JTC: Florence Price is an absolutely first-rate composer whose music deserves to be heard. When I first played through these scores, I fell in love with them right away. Many of them had never been recorded before, so I wanted to record as many of them as I could. As for why I chose Florence Price in particular, there are many reasons. I spent 11 years in the army as an interviewer and interrogator, in Iraq and Afghanistan, getting to hear first hand the stories of people whose lives were very different from my own. I developed an addiction for storytelling, and while I love playing the music of more famous composers, there is something uniquely satisfying in sharing music not many people have heard before.

Pastimes Blog on CD Release "Scenes In Tin Can Alley"

Florence Price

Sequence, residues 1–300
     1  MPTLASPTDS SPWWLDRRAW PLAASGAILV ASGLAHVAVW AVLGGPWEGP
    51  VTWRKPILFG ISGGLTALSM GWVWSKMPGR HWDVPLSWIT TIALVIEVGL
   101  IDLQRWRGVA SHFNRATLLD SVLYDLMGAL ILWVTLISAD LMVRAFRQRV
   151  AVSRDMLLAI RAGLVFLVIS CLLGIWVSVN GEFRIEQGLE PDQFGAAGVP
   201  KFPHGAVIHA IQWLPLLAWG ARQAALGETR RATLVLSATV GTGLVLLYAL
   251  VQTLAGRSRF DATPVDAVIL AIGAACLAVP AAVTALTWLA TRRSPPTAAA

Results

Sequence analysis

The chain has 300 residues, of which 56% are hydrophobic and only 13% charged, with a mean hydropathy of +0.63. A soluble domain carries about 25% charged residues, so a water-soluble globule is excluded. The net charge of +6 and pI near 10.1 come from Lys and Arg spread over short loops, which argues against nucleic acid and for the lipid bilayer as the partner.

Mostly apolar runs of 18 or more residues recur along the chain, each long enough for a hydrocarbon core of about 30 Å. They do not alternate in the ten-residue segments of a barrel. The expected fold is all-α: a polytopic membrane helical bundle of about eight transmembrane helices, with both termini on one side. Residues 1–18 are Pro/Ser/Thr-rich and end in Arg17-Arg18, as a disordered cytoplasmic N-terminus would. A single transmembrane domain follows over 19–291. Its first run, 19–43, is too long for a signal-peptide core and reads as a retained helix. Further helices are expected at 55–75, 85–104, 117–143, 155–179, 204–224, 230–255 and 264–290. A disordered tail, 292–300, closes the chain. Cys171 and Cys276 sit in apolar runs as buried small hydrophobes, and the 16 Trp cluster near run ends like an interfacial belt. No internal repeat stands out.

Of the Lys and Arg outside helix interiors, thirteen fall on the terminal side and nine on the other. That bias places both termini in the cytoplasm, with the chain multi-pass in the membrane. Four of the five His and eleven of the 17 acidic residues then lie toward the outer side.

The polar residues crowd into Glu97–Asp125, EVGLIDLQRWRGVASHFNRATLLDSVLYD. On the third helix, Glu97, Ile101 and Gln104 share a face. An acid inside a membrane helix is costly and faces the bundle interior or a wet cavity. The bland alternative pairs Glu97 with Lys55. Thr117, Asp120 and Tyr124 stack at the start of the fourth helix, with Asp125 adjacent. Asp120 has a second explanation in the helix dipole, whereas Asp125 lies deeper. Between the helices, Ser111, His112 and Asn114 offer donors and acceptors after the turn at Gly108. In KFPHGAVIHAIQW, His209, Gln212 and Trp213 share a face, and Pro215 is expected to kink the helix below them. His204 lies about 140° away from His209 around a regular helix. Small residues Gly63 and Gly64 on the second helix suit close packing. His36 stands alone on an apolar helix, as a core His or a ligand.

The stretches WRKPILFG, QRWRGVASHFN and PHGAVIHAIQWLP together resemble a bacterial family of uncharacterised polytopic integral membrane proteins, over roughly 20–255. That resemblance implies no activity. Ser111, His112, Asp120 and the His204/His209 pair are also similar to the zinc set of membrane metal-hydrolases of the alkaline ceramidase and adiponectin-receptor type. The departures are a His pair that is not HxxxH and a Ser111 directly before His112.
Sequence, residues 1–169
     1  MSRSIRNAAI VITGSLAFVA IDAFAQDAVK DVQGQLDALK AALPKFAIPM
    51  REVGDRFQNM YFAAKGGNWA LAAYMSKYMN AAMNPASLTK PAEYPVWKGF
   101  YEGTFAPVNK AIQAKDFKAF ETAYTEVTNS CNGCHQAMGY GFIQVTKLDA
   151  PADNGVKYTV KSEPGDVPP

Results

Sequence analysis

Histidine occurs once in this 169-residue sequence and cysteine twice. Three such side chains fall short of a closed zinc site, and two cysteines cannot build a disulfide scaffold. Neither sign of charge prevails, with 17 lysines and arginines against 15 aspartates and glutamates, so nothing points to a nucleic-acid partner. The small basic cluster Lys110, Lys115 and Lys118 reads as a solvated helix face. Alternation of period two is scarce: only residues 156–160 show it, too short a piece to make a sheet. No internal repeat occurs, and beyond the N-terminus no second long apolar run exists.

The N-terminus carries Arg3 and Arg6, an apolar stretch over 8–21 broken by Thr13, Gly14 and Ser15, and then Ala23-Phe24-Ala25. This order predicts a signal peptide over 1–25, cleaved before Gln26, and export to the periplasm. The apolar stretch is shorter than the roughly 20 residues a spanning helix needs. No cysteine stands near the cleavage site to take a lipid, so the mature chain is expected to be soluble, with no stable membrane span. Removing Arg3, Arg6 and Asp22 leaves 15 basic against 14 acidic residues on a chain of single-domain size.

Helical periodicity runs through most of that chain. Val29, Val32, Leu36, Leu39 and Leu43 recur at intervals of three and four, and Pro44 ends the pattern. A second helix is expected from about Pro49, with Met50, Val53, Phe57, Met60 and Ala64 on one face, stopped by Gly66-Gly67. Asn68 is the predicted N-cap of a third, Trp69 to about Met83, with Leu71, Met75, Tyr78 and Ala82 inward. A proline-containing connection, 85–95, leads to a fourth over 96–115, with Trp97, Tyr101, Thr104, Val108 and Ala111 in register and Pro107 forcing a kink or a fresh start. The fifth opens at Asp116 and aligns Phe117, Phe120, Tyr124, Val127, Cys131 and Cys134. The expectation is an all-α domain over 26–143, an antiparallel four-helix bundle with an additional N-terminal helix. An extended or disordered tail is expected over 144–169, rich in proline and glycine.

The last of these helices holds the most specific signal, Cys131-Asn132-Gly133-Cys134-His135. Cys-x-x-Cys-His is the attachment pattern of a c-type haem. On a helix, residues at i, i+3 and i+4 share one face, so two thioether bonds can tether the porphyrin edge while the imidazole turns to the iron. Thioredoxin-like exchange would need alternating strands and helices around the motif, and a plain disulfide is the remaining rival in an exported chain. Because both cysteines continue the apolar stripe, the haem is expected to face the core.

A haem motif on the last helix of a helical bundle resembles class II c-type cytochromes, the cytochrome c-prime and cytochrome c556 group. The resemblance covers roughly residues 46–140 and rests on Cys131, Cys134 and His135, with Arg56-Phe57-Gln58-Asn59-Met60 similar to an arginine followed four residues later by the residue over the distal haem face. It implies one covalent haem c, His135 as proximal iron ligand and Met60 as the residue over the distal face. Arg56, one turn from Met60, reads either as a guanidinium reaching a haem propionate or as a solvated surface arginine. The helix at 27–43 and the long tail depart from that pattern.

LRW: Agreed. I’m a huge Florence Price fan as well, which is why I jumped at the chance to interview you on your fabulous CD collection of her piano solos. Thanks for sharing this eloquent performance from your YouTube channel. I can see how the opportunity to hear stories first-hand from diverse people definitely can bring a deeper understanding to piano performance which is indeed a form of storytelling. I’m also a champion of lesser known composers and applaud your efforts to record and bring Florence Price’s never-recorded works to light. Please go on.